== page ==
Internet users in Cuba — the few who have access to the web, that is — can now download Google’s popular browser Chrome.
Google announced that it made Chrome available in Cuba on Wednesday, blaming the delay on U.S. export controls and sanctions against the communist country.
The Cuban government claims 25% of its citizens have access to the Internet, but that’s assuming people that can go to a government-controlled facility. The more realistic number is 5%, according to online freedom watchdog Freedom House.
“These trade restrictions are always evolving, and over time, we’ve been working to figure out how to make more tools available in sanctioned countries,” wrote Pedro Less Andrade, Google’s director of government affairs and public policy for Latin America.
Experts were quick to point out that Google could have made Chrome available a long time ago.
In 2010, the U.S. Office of Foreign Assets Control (OFAC), the agency in charge of regulating American economic sanctions against other countries, authorized U.S. companies to export some free Internet services, including web browsing software.
“The only reason Chrome was not currently accessible in Cuba was because of Google’s own internal decision,” Mauricio Claver-Carone, the executive director of the pro-human rights and democracy organization Cuba Democracy Advocates, wrote in a blog post reacting to Google’s announcement. “Why it took Google four years to discover this general license? God knows.”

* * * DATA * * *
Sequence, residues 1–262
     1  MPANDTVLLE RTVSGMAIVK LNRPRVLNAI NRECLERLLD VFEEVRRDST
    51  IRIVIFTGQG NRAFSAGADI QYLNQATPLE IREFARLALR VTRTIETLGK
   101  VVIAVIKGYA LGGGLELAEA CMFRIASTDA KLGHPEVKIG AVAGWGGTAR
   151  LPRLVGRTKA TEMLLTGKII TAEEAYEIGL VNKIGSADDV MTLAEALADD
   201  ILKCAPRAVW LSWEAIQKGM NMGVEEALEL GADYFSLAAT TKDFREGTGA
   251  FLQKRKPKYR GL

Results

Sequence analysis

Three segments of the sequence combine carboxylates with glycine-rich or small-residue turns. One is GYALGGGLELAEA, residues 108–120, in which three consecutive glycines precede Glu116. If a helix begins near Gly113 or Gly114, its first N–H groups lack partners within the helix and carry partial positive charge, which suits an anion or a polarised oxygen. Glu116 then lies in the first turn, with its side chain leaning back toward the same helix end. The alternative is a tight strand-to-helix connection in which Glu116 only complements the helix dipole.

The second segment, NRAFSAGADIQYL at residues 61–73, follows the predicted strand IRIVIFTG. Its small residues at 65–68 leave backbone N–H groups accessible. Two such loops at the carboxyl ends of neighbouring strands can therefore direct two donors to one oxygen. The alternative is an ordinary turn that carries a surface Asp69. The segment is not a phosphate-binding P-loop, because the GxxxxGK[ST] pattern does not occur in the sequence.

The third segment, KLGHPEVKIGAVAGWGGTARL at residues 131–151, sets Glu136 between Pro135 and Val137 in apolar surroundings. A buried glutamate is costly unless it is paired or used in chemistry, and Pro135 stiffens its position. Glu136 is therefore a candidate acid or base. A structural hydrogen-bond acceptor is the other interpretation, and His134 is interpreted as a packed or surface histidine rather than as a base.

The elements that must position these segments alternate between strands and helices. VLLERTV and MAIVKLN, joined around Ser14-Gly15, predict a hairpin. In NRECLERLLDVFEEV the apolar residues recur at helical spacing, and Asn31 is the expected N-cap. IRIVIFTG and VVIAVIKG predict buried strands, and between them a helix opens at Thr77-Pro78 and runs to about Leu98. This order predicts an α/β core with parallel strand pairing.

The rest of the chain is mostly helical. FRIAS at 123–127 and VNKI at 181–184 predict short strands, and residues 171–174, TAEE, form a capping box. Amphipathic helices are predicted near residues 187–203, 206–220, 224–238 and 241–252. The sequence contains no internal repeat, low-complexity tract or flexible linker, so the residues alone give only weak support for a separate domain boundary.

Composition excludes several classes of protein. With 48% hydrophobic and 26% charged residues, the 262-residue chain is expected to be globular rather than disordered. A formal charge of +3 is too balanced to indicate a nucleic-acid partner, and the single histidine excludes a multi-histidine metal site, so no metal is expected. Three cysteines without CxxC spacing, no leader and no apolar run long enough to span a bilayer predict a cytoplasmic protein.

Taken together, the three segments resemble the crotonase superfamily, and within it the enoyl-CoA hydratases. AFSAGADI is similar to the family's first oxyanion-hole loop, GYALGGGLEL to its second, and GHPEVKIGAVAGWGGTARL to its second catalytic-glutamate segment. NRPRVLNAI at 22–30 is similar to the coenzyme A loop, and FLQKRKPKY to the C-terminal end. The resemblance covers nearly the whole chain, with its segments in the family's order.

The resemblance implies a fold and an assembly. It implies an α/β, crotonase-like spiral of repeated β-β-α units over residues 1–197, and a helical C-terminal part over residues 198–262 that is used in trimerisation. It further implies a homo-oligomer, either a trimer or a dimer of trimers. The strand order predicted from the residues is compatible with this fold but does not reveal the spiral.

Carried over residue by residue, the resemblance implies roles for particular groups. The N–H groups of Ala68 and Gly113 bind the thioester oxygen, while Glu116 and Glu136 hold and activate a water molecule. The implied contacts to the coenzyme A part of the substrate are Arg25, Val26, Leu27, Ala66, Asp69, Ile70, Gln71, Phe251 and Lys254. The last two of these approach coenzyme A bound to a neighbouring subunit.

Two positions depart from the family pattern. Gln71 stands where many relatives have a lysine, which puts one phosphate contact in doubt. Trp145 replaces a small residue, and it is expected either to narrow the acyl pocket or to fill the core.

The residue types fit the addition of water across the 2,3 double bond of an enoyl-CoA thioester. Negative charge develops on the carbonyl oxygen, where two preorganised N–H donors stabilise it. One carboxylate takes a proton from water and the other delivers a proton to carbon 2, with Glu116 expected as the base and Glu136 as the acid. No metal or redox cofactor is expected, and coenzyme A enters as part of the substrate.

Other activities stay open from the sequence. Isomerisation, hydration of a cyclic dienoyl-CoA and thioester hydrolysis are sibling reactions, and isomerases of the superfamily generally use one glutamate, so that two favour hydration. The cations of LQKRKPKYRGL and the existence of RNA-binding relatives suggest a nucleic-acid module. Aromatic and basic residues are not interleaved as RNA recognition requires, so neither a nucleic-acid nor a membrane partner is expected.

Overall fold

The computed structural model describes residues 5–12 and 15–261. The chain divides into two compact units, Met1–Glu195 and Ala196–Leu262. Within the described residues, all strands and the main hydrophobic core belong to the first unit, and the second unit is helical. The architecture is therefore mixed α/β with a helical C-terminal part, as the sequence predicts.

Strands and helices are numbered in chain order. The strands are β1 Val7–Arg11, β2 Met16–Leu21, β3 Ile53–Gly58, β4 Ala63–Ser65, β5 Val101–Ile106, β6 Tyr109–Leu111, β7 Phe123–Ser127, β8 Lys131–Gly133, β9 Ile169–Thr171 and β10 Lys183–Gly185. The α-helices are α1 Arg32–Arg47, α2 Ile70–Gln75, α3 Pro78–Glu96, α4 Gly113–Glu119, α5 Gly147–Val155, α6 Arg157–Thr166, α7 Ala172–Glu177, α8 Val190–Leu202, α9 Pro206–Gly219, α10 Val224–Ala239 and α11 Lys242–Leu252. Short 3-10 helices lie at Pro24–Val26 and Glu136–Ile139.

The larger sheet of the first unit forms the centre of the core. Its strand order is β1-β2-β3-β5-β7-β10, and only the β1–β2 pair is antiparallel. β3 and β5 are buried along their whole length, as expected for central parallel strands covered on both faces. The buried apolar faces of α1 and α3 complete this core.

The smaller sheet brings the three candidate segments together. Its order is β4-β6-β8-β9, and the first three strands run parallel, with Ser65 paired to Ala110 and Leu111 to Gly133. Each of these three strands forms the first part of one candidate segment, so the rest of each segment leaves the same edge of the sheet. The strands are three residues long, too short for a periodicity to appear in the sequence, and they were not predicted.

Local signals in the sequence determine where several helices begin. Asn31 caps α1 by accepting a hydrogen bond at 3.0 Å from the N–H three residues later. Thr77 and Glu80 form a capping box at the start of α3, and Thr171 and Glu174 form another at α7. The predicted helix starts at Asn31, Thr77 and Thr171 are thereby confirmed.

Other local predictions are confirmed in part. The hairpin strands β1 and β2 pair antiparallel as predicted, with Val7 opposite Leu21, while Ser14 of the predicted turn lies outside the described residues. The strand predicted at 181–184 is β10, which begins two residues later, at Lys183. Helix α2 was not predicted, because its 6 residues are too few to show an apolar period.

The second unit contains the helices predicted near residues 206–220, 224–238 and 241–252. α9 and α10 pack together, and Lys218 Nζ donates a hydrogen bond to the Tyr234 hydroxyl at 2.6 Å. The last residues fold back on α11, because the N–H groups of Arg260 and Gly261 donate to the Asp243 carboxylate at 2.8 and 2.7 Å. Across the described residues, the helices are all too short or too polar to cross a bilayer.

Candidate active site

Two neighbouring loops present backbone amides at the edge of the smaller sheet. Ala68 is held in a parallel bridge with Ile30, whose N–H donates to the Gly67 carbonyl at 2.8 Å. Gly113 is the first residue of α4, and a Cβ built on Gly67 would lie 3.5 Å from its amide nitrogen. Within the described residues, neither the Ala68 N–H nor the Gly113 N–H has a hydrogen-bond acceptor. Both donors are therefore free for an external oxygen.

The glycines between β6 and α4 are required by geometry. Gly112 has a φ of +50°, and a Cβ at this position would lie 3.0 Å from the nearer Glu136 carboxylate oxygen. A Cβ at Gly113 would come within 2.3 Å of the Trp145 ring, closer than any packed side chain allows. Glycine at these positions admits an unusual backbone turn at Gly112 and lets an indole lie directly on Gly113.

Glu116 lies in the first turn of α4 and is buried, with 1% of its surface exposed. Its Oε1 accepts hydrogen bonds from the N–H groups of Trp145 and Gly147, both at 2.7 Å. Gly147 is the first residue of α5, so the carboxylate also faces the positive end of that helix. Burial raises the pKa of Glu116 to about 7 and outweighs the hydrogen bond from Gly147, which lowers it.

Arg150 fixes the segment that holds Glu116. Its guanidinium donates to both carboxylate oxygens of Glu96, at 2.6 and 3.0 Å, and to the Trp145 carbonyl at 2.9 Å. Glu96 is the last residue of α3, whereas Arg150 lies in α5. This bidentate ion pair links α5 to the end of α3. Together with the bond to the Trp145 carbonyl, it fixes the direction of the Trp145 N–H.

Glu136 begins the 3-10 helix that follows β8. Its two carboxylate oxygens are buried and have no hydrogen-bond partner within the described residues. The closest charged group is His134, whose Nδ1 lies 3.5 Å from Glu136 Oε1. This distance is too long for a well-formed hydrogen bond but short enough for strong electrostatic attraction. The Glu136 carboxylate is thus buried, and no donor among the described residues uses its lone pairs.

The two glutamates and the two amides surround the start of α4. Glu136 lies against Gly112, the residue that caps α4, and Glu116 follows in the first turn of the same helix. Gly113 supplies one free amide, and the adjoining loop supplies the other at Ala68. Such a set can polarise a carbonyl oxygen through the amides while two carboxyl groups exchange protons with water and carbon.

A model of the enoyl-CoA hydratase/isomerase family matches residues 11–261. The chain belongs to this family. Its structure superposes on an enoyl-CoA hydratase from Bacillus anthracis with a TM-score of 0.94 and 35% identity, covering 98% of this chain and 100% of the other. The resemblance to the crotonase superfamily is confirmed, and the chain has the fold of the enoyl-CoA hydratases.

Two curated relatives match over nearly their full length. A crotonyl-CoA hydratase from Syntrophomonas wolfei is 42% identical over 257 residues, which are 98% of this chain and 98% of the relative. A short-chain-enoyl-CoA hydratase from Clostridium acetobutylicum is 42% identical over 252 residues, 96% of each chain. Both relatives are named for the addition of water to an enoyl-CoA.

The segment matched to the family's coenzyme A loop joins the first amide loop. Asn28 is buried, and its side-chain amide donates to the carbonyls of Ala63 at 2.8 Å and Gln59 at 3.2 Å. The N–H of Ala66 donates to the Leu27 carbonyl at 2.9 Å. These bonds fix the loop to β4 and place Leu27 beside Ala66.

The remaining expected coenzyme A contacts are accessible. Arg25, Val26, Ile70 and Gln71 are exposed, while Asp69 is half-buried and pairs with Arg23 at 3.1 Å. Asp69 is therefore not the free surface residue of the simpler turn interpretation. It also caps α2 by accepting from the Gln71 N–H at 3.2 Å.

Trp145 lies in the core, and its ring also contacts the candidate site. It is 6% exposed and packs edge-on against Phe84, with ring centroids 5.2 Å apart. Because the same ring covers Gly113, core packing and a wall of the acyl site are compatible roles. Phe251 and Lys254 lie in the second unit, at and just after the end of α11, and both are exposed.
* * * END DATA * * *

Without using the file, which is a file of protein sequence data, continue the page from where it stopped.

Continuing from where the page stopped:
Ric Herrero, the director of the advocacy group CubaNow, praised Google’s decision, but criticized American policy toward the country.
“Even now, many Internet services remain unavailable not just because of the Cuban regime’s obstruction, but also our own restrictions. That doesn’t help move Cuba toward a freer and more open society, it makes it harder,” he said in a statement.
This move can be seen as part of Google’s goal of improving Internet access in Cuba. Eric Schmidt, the executive chairman of Google, and Jared Cohen, the director of Google Ideas, reportedly visited Cuba in late June to meet with officials and those who work in the tech industry.
Mashable has reached out to Google for comment and we will update this story when we hear back.